On Wednesday July 15, NBC Universal launches its new streaming service, Peacock. In addition to offering lots of fan-favorite NBC Universal programs from the past, the service will also be the home to several brand new scripted original programs. The new hour-long dystopian sci-fi drama, Brave New World, is a based on Aldous Huxley’s 1931 novel of the same name, and is the most ambitious of Peacock’s new offerings.
The series is set hundreds of years in the future, when a more evolved form of society has been established in the Utopian world of New London. There are only three rules in New London: No privacy, No family, and No monogamy. Residents of New London have no family because they are created via embryos in the hatchery. Each embryo is pre-assigned to a specific class. Alphas are the most intelligent and most desirable of the lot, and under them are the Betas, then the Gammas, and so on, down to the Epsilons, who are the true workers in New London. Lenina Crowne (Jessica Brown Findlay, Downton Abbey) is one of the Betas who works in the hatchery, assigning classes to new embryos.
All New London residents receive an ocular implant that connects them to the central social body, a neural network known as INDRA. These implants allow the residents to instantly identify the class of any other resident, to ensure proper social interactions. There is no sense of privacy in New London because the implants also allow any resident to see through the eyes of anyone else. As for the third rule, monogamous relationships are seen as savage and selfish in New London. Sex with multiple partners is both encouraged and required. The Pleasure Garden is a regular hangout, where New Londoners can explore their deepest pleasures and seek out new relationships. Helping to plan the venue’s entertainment is Wilhelmina “Helm” Watson (Hannah John-Kamen, Killjoys), a woman with the unusual ability to make people feel certain emotions.
While pleasure is a priority for those in New London, pain is something to be avoided. New London has become a society of pill-poppers, addicted to a mood-enhancing drug called soma, which keeps their emotions and feelings in check. The residents of New London always have a personal soma dispenser on hand should they feel any kind of pain or discomfort arising. It is the responsibility of Alpha Pluses such as Counselor Bernard Marx (Harry Lloyd, Counterpart) to make sure that the New London residents maintain their levels.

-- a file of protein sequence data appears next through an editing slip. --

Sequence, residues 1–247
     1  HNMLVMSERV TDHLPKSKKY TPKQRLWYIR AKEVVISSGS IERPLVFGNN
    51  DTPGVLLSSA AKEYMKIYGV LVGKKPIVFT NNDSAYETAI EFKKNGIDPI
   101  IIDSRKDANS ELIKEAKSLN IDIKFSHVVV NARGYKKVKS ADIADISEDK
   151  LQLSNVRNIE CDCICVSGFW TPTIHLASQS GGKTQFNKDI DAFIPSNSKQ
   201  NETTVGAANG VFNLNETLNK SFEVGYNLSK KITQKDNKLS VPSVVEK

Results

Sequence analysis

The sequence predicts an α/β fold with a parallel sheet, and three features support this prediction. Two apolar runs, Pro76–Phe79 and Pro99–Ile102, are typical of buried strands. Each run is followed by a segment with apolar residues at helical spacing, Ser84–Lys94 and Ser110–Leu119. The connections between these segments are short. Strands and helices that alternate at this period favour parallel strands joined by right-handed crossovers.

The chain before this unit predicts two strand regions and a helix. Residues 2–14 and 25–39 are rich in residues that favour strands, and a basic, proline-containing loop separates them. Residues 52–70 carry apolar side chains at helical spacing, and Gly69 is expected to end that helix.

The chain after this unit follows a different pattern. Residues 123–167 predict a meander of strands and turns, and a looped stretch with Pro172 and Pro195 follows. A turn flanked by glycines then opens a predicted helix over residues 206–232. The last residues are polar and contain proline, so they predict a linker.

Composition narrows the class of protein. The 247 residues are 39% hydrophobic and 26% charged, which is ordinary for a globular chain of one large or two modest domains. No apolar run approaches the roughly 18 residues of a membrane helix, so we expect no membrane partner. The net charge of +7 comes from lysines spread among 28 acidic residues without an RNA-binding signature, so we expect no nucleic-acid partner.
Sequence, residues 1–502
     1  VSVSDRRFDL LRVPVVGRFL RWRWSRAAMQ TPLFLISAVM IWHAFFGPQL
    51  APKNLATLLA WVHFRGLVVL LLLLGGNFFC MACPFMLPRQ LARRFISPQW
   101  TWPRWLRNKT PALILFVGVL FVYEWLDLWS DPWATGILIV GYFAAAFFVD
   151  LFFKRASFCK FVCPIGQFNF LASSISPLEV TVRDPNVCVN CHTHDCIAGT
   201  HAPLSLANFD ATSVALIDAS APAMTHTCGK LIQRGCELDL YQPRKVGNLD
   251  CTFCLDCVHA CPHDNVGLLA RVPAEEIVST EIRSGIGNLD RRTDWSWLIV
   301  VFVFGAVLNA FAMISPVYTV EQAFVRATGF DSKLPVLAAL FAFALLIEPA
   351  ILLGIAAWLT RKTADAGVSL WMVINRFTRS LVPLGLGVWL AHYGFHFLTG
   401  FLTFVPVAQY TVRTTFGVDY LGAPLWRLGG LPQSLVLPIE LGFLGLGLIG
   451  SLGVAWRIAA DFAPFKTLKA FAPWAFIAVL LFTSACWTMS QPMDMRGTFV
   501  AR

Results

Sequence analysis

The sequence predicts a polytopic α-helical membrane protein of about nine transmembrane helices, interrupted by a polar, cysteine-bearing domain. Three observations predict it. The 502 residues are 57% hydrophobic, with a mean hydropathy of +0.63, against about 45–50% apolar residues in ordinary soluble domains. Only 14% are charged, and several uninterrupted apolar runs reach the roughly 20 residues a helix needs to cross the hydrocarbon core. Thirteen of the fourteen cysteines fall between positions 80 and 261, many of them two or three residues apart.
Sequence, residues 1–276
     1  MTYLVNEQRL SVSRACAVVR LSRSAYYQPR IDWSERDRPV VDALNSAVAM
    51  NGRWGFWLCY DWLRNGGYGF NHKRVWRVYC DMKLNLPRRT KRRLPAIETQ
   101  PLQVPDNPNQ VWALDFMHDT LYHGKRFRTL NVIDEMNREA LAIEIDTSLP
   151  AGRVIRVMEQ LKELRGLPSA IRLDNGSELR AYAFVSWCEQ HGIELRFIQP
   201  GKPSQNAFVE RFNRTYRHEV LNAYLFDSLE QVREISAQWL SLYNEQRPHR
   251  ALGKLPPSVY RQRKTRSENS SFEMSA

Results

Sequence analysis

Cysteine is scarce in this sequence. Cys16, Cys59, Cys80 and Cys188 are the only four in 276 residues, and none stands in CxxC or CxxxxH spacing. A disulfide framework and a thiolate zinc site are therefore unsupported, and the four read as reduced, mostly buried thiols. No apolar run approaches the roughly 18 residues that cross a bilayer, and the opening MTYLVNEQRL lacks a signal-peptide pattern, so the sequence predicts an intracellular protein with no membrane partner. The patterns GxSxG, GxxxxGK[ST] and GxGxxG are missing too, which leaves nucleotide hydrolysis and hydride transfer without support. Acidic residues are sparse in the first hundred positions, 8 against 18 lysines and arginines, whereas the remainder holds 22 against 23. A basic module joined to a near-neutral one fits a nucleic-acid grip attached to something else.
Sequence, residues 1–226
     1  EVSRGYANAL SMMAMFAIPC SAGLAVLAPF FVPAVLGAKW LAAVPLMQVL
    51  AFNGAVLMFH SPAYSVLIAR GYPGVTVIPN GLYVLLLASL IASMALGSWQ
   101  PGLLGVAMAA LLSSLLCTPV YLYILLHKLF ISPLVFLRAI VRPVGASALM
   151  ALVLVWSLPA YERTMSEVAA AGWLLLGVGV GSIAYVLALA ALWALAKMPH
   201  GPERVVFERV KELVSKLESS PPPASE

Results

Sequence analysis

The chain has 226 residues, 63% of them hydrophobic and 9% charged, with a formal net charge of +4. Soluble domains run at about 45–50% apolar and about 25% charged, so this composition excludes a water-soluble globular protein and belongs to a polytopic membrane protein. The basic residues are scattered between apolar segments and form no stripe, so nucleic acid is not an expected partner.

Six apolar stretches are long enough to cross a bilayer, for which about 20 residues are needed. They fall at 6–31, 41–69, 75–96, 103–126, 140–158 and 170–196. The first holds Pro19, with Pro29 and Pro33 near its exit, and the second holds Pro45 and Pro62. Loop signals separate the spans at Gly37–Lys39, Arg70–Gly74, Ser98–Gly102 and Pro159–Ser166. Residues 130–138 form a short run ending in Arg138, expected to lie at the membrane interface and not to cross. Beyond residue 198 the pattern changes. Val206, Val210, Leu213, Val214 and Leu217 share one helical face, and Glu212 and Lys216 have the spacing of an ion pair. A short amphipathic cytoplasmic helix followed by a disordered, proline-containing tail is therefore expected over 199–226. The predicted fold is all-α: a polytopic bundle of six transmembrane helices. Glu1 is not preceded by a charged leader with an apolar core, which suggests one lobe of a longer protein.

Just a quick 11-minute rocket trip away in North America is The Savage Lands, an adventure theme park where New Londoners can experience the old, primitive savage lifestyle—things like greed, superstition, and pain. The park is divided into four houses, each providing a glimpse into a different aspect of savage life—the House of Want, The House of Futility, The House of Consequence, and the House of Monogamy. The native residents of the area have become unwitting participants in this form of entertainment for the New Londoners. They dress up and put on shows for their amusement—re-enacting things like a greedy Black Friday shopping frenzy, or a shotgun wedding as a demonstration of the antiquated concepts of marriage and religion.
John (Alden Ehrenreich, Solo: A Star Wars Story), lives in a rundown home with his mother, Linda (Demi Moore), who is constantly drunk, or inappropriately dressed. John is a car washer and a stage-hand for the actors in House of Monogamy. Tensions are rising—the native folks have had enough of the vacationers, and are plotting a way to take back their land. They want John to join them in their fight, but he’s apprehensive. However, it isn’t long before John comes face to face with Bernard and Lenina, who are on a vacation to the Savage Lands, and must make a decision that will change his life forever. The result will start a chain reaction that ripples back to New London, shining a new light on the Utopian society, revealing that not everything is as perfect as it appears to be, and launching a new revolution.
Brave New World is certainly the most complex of the new Peacock Originals. It is a bit of a roller-coaster of a ride. The first couple episodes slowly introduce the viewer to these two strange worlds, and then the series becomes more of an action-packed, tense thriller that will have your heart pounding, before it settles into more of a cerebral sci-fi drama. The series has quite of bit of humor, even as things get pretty dark. The humor is often mixed with social commentary as the New Londoner’s try to understand the savages’ primitive customs and lifestyle. The series also poses the question as to which civilization is truly the savage one. I had mixed feelings about this series—parts of it were phenomenal, while others didn’t work quite as well for me. The cast and production values are amazing—there are so many recognizable actors who pop up, and it is a very beautiful looking show. I thought the series started off great, setting up a very interesting Westworld/Jurassic Park like scenario that I would have loved to see played out and explored further, but instead it heads off into a very different, more cerebral direction, though still including the occasional action sequence. And speaking of action, Brave New World is certainly made for adult audiences—the Pleasure Garden is visited quite often, and I think only one episode did not include some sort of orgy-related scene.
At launch, all 9 hour-long episodes of the first season will be available to watch for Peacock Premium subscribers, while those with the basic free tier should be able to at least check out the first episode.